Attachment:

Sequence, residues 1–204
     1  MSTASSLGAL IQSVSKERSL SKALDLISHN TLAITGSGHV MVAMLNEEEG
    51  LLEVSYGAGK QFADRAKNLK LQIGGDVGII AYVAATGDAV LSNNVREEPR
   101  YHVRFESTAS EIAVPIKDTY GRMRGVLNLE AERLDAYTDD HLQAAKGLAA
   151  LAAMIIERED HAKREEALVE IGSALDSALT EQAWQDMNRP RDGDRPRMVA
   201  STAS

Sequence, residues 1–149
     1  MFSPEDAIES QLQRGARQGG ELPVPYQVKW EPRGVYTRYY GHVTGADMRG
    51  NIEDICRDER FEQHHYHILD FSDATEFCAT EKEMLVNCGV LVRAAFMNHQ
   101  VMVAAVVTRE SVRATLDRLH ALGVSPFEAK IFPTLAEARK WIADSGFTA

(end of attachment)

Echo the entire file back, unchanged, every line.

Sequence, residues 1–204
     1  MSTASSLGAL IQSVSKERSL SKALDLISHN TLAITGSGHV MVAMLNEEEG
    51  LLEVSYGAGK QFADRAKNLK LQIGGDVGII AYVAATGDAV LSNNVREEPR
   101  YHVRFESTAS EIAVPIKDTY GRMRGVLNLE AERLDAYTDD HLQAAKGLAA
   151  LAAMIIERED HAKREEALVE IGSALDSALT EQAWQDMNRP RDGDRPRMVA
   201  STAS

Sequence, residues 1–149
     1  MFSPEDAIES QLQRGARQGG ELPVPYQVKW EPRGVYTRYY GHVTGADMRG
    51  NIEDICRDER FEQHHYHILD FSDATEFCAT EKEMLVNCGV LVRAAFMNHQ
   101  VMVAAVVTRE SVRATLDRLH ALGVSPFEAK IFPTLAEARK WIADSGFTA